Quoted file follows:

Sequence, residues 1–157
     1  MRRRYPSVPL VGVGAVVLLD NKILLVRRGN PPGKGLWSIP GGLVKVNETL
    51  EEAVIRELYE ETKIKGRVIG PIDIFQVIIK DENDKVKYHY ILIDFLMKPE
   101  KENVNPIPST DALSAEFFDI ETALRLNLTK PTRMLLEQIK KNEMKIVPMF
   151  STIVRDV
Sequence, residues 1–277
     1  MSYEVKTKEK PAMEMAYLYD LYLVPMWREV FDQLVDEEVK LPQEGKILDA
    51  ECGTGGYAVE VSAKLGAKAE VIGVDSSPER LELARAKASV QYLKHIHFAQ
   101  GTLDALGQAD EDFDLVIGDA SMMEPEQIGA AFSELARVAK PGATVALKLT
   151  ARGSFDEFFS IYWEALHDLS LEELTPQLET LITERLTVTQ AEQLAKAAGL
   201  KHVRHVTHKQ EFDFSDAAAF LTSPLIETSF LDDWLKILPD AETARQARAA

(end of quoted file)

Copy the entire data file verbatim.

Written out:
Sequence, residues 1–157
     1  MRRRYPSVPL VGVGAVVLLD NKILLVRRGN PPGKGLWSIP GGLVKVNETL
    51  EEAVIRELYE ETKIKGRVIG PIDIFQVIIK DENDKVKYHY ILIDFLMKPE
   101  KENVNPIPST DALSAEFFDI ETALRLNLTK PTRMLLEQIK KNEMKIVPMF
   151  STIVRDV
Sequence, residues 1–277
     1  MSYEVKTKEK PAMEMAYLYD LYLVPMWREV FDQLVDEEVK LPQEGKILDA
    51  ECGTGGYAVE VSAKLGAKAE VIGVDSSPER LELARAKASV QYLKHIHFAQ
   101  GTLDALGQAD EDFDLVIGDA SMMEPEQIGA AFSELARVAK PGATVALKLT
   151  ARGSFDEFFS IYWEALHDLS LEELTPQLET LITERLTVTQ AEQLAKAAGL
   201  KHVRHVTHKQ EFDFSDAAAF LTSPLIETSF LDDWLKILPD AETARQARAA